At some point my room mate came into the kitchen, that’s why there is a little cut in the video. He is Hispanic. When I talked to him afterwards, he told me that Hispanics in the US would sometimes say “Keep it brown” or “Stay brown”, so they refer to them selves as “brown”, too. To I should have used the light brown cereals for referring to the Hispanics while using the dark brown for the Indians.
For stories about other melting pot besides the US, look at Wikipedia.
Chen Xi, one of my Chinese office mates, orders some Chinese food every Wednesday. I decided to do the same, so I’ll try another Chinese meal every week. The first one was “spicy potatoes”. I’ve chosen this because I could not imagine that Chinese people eat potatoes at all. I mean, the Americans brought the potatoes to Europe and not to Asia! (Wikipedia says the largest amount of potatoes per capita is grown in Europe while China and India are planting more potatoes in absolute numbers.)
So, this is how it looked like:
My prejudice concerning the Chinese use of potatoes was completely reconfirmed when I discovered that the side dish was indeed rice, and that the potatoes were sliced and served as a main dish. Actually, I didn’t even recognize that there were any potatoes at all ;-). I asked another Chinese for a translation of what the inscription on the styrofoam box said. Qi also said it would be potatoes, so I guess that’s just what it was :-).
I don’t want to create a wrong impression. I really liked the meal a lot! And I ate almost everything with my chopsticks, and Chen Xi was surprised about my speed :-). However, I must admit that I did not hold them the way I was supposed to. I’m looking forward to next week’s Chinese meal!
PS: Why on earth is the plural form of “potato” written as “potatoes” and not just “
potatos“? And why did I think that the translation for “Vorurteil” is “ prejustice” and not “prejudice”?
Google says, 154 lbs would be 69.7 kg. I was so happy when I saw this, I immediately decided to take that photo. That was the first time since … well, probably about 12-15 years that my weight was less than 70kg!
One month later, on February 28, I was shocked again. At that time I didn’t even hit the 150lbs line anymore when stepping onto the scale. My weight dropped to less than 68kg. That really is too little. I’m missing the lofty feeling of carrying vast amounts of kinetic energy around while moving. Or when I’m walking up some stairs, I always remember that I’m just lifting 68kg. That basically means that I’m almost not doing any work at all, so lightweight people are lazy. I don’t want to weight less than 70kg.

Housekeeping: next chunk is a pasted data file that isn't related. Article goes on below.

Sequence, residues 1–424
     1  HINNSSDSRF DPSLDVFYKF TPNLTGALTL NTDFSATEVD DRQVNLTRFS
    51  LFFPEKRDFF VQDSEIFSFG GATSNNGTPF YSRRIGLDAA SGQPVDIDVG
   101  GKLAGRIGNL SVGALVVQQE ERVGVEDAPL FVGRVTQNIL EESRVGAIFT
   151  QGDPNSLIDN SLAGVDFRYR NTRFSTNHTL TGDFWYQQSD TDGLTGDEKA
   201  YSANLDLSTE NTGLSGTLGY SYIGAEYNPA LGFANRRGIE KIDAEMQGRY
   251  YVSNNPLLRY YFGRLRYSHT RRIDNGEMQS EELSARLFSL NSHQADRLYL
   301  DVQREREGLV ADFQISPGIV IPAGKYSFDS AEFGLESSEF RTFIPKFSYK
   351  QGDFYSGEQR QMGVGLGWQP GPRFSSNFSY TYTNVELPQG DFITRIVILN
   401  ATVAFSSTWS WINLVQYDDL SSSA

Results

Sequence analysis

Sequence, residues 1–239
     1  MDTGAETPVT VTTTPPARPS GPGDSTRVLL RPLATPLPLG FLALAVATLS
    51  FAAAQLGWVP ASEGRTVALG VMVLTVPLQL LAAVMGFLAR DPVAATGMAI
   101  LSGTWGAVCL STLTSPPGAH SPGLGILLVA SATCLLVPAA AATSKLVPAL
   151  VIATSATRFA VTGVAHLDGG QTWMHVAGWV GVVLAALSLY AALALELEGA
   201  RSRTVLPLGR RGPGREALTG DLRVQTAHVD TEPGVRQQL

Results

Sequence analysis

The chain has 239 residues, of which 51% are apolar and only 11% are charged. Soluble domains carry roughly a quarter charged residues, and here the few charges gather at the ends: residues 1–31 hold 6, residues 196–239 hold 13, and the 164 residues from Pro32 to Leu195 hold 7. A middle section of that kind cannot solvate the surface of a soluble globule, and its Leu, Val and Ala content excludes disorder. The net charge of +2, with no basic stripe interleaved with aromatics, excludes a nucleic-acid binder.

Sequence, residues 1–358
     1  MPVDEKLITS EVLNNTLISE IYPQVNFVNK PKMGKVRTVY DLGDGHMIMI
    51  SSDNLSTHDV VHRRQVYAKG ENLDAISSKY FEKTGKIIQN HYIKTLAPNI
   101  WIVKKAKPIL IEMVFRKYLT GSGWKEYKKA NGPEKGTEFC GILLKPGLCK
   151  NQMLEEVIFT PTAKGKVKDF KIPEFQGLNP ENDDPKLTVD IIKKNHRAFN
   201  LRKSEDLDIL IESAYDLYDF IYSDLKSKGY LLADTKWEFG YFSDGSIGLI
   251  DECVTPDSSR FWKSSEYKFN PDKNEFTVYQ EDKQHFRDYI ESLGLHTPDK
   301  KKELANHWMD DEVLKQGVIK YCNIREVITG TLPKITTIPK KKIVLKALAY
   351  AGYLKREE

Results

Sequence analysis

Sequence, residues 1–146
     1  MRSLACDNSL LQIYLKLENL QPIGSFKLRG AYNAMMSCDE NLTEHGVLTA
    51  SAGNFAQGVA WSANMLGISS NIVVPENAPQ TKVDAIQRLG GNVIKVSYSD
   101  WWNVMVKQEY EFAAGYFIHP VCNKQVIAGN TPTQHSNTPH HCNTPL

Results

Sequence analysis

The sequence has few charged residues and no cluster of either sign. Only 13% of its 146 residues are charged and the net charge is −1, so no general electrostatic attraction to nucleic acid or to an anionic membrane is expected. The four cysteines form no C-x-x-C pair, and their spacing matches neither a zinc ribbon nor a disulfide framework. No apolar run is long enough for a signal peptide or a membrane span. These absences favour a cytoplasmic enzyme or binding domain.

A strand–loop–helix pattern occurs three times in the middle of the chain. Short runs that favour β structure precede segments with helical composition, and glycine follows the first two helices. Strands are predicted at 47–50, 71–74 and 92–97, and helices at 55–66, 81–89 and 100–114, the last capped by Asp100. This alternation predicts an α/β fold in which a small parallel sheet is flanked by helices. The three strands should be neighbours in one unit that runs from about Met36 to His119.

To find out about the measurement errors, I tried another scale. The mechanical one measured … well, something between 149.5lbs and 152.5lbs, with average values near about 151lbs. I do therefore assume that the static offset between both scales is about 1kg, while the mechanical scale has an additional statistical error of about 2 lbs.
Still, my room mates say that the digital scale shows less than those scales at airport check-in counters, so doing multiple measurements with the mechanical scale and taking their average value might be more reliable than believing what the digital scale says.
Maybe I’ll try to find out how the numbers from the digital scale depend on the battery’s state of charge. In the meanwhile, I’ll try to increase the number of meals and choose less healthy food. :-)
PS: Elke, wehe du wendest deinen Hautfarbensuchalgorithmus auf meine Füße an! ;-)
A few days ago I had a special meal: My roommate Alvaro (he is from Colombia) gave me an avocado. The Latin name of that fruit is “Persea americana”, so you can guess that it’s more common here than in Europe.
Actually, Alvaro eats one avocado a day. So that should give you an impression of how widespread the fruit seems to be in Alvaro’s home country. He told me to bring some salt, so that’s what I did. However, he did not tell me what parts of the avocado to eat and what parts not to eat. This time the German Wikipedia filled the gap:
Während die Schale und der Kern der Frucht nicht genießbar sind, ist das Fruchtfleisch um den großen Kern sehr nahrhaft.
So, I finally started eating it. I must admit that once I opened the avocado, I knew that I had already eaten one before. Maybe it was on Hawaii, there were just so many fruits around, I don’t remember them all.
The avocado is a very special fruit. It does not really taste like a fruit. It is more like a mixture of butter and oat. But this probably makes it a good staple food.
Anyway, following good old German tradition, I’ll stick to bread, apples and potatos :-).
My diary about our Christmas holiday continues on December 29th. We had to get up rather early as our car was parked in the street which is not allowed during rush hours. Well, Pingu and Mila went to the car at around 6:30 am while I decided to stay in bed for another 15 minutes. Pingu and Mila found a car park close to our hostel which cost around $15-$20 for a full day. About five blocks away (at 5th and K street) there were offers as cheap as $5, but we did not know this at that time.
After we had a rather modest breakfast at our hostel, we went to the International Spy Museum. This is the only place in DC so far where I paid an entrance fee (roughly $18). It was not easy to convince one of my Swabian fellows to spent the money (since all the Smithsonian Museums where we could have gone to instead are free). However, it was absolutely worth it!